James C. Scott, Two Cheers for Anarchism: Six Easy Pieces on Autonomy, Dignity, and Meaningful Work and Play.

Author:Duarte, Diogo
Position:Book review

James C. Scott, Two Cheers for Anarchism: Six Easy Pieces on Autonomy, Dignity, and Meaningful Work and Play

Princeton and Oxford: Princeton University Press, 2012, 200pp; ISBN: 978-0-691155-29-6.

In James C. Scott's late works, anarchism, or at least some of its principles, acquired a highlighted position. Anarchist ideas were present in Scott's previous books, but, especially since Seeing Like a State (1998), what could be regarded as a mere coincidence between those ideas and some of his arguments started to be openly assumed as a dialogue with direct relation to his work. In Two Cheers for Anarchism Scott explores what he calls his 'anarchist squint', aiming to show that if we put on 'anarchist glasses', and look with them at all kinds of aspects of social reality (either in our daily lives or in our academic research), 'certain insights will appear that are obscured from almost any other angle' (p xii)--namely factors that are often neglected in historical and social analysis, such as unpredictability, contingency, spontaneity or disobedience and insubordination.

The six chapters of the book are subdivided into twenty-nine short parts called 'fragments', in order to show that there isn't any intention to offer a systematic and coherent theory or analysis. As such, it's less ambitious than any other work from Scott's bibliography, without being less stimulating or lacking any of his usual originality.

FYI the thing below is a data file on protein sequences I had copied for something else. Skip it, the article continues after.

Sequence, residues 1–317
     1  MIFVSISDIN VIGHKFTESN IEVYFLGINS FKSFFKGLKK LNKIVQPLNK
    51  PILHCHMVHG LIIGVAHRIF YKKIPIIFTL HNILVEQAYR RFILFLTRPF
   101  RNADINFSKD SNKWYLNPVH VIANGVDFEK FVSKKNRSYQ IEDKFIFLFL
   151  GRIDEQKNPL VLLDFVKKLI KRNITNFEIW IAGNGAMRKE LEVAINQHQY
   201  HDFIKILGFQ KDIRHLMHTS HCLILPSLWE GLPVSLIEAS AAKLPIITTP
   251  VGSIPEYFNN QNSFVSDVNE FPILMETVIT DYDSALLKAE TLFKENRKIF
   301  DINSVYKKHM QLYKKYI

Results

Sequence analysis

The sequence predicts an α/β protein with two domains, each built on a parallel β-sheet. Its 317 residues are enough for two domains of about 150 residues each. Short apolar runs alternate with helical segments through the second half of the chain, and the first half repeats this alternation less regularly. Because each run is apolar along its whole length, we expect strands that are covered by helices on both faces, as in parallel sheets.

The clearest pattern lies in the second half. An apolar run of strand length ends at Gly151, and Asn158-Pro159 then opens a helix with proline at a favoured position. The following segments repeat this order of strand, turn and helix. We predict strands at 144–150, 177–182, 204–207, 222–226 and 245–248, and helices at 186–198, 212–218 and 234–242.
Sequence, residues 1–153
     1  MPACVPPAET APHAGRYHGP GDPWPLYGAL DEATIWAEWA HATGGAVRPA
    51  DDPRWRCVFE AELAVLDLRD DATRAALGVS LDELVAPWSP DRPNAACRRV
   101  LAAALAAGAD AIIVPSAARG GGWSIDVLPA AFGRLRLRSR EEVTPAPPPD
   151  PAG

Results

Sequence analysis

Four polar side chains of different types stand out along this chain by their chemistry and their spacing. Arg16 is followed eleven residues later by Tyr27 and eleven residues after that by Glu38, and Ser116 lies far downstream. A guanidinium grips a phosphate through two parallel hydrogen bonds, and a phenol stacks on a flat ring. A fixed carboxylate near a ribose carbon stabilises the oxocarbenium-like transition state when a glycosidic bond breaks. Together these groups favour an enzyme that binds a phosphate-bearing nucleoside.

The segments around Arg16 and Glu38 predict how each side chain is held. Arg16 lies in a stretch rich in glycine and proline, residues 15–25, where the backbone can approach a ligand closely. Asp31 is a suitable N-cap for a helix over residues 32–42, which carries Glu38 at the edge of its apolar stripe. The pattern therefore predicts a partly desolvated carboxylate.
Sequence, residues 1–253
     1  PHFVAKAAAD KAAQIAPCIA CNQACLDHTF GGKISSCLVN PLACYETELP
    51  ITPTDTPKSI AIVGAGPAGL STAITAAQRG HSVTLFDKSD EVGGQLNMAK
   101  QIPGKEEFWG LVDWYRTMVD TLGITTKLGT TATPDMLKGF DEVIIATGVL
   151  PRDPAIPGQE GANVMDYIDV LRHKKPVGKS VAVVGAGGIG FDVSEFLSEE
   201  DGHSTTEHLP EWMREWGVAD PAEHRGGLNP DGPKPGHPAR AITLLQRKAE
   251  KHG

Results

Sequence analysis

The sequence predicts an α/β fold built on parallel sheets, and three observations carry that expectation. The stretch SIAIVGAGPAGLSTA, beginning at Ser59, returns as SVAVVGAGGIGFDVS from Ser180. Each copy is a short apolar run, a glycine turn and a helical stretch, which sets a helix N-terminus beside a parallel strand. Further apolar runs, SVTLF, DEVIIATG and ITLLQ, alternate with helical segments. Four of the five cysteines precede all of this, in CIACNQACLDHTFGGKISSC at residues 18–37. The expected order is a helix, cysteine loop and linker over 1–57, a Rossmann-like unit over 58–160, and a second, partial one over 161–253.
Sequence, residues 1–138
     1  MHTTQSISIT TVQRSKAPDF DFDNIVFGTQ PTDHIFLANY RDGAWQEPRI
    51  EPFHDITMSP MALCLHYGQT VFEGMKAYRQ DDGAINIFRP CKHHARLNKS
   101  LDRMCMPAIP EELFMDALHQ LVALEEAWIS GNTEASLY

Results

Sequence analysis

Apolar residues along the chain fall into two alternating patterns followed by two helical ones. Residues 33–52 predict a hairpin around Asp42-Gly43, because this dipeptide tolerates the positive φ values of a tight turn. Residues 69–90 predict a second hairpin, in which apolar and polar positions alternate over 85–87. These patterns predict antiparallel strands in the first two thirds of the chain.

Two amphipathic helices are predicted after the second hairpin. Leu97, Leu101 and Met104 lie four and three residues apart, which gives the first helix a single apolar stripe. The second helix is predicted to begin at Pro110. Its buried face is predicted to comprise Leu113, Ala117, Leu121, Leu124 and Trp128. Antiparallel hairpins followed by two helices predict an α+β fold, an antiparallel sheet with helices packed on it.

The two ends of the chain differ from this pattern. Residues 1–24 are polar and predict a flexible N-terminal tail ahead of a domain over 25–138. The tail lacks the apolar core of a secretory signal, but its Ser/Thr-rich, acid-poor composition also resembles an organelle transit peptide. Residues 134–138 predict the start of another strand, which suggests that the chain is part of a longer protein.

In a few words, we find in the book a set of thoughts on how, on the one hand, formal institutions are usually affected, conditioned or changed by informal processes and practices that are beyond their logics and mechanisms; and, on the other hand, on how people are conditioned, transformed or shaped by all kinds of institutions (whether a State, a factory or a university). The defence of the historical and political importance of disobedience (expressed in 'Scott's law of Anarchist Calisthenics') or the proposal to devise a qualitative measure (a 'Gross Human Product', instead of a quantitative one like the economists' GDP) that can help us ask 'what kind of people a given activity or institution fostered' are just two great examples of how engaging Scott's...

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